The experience was nerve racking, what if the host was an axe murderer, what if it was dirty, what if… kept coming to mind. It wasn’t long before my fears were put to rest and I stayed in my first Airbnb, the host was magnificent, friendly, helpful and didn’t bother me at all. As I was a little nervous I stayed in my room, rather than sit in the lounge where my host would be when not at work. Zobran who was my host kept in contact prior to my arrival and even arranged to meet me when I arrived. Luckily for me within 10 minutes of getting off the metro and turning into the street which I had been guided to Zobran appeared on his moped. He had popped out of worked to ensure I found the place okay and to show me round.

The apartment was on the 5th floor and had 3 bedrooms, I soon figured out that Zobran shared the house with other people and when he had an Airbnb guest staying he would move out of his bedroom and sleep in the lounge. I calculated that if Zobran split his rent 3 ways then having a paying guest would help him meet his obligations and no doubt allow him to save for his own place. I assumed that the other occupants agreed to this arrangement and may have also benefited in some way. The room was ideal it had a double bed and was on suite, so I didn’t worry about waking anyone up if I needed the loo in the middle of the night. The room was air conditioned and very clean, although the decor was dated it was perfect for my needs. Zobran even allowed me to connect to his WiFi network. So my first experience was a success.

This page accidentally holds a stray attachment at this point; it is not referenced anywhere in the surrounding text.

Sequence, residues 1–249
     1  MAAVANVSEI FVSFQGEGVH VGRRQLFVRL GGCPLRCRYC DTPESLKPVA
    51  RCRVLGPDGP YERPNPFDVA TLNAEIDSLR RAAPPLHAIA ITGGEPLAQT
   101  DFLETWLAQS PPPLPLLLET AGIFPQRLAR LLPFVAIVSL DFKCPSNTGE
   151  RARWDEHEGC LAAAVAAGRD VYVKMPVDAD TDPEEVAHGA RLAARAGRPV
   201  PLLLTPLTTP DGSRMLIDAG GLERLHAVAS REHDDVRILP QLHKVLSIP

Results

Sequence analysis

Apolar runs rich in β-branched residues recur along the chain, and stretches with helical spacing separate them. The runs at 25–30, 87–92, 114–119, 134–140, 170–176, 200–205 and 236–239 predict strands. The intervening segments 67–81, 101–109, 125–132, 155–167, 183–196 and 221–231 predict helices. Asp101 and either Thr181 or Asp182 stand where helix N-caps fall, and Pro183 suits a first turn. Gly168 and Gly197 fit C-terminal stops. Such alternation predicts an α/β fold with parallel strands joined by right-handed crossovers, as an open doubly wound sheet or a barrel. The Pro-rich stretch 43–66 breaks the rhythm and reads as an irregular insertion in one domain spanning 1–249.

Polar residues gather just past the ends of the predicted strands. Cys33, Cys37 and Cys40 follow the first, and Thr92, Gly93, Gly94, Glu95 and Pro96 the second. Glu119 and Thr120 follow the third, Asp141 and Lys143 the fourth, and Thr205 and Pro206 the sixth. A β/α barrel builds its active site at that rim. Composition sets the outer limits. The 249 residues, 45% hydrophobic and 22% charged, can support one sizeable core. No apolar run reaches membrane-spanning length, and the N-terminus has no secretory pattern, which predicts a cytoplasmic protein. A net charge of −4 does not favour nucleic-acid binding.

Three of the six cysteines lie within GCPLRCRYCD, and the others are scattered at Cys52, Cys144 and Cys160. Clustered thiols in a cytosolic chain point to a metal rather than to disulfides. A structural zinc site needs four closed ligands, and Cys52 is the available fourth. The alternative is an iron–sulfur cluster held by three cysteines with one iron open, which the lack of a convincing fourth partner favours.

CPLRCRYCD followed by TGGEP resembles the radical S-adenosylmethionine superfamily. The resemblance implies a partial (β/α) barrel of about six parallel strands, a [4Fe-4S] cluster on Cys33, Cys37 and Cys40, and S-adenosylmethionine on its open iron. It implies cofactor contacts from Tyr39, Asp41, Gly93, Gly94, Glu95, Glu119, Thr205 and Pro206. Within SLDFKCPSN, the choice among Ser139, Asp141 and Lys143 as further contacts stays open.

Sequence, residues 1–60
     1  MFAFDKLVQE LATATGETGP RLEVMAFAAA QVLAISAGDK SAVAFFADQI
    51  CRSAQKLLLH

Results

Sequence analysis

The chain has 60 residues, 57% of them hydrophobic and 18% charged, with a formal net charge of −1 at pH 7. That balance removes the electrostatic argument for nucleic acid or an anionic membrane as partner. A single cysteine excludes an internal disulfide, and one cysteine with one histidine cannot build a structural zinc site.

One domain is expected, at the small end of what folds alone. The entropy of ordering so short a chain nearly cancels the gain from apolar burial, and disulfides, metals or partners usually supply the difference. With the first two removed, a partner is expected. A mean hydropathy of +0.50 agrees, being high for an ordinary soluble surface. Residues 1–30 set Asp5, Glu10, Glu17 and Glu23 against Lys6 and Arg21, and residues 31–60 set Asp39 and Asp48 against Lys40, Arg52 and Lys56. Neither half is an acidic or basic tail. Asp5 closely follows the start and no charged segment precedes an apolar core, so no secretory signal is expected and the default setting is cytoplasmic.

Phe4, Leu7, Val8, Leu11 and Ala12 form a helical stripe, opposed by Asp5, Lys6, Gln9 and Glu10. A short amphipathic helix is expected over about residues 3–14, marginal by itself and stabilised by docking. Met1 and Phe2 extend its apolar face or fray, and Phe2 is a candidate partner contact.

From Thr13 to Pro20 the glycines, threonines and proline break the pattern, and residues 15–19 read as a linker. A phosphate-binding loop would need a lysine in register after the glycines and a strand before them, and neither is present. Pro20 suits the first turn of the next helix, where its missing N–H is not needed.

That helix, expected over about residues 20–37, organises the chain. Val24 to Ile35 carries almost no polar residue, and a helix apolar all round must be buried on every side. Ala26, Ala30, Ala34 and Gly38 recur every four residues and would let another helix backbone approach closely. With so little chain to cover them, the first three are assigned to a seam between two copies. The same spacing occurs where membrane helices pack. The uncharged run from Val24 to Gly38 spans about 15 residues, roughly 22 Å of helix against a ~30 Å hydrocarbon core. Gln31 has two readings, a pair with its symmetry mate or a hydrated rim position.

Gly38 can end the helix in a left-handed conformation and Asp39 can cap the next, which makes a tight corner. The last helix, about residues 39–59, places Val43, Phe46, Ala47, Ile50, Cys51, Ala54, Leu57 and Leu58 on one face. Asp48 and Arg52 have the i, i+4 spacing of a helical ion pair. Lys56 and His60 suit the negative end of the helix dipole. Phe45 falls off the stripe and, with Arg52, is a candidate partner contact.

The second Airbnb was completely different I wasn’t nervous that was for sure. It was to be a single room with toilet and shower down the hall. The first problem I encountered was actually finding the place. Maybe I hadn’t read the information provided by Airbnb correctly but there was no indication of a place to stay at all. When I checked the Airbnb app I was a little worried to see a new review post from someone else trying to contact the host. The review stated that they had tried to email the host but had received no reply and wanted a refund. My heart sank, had I been scammed?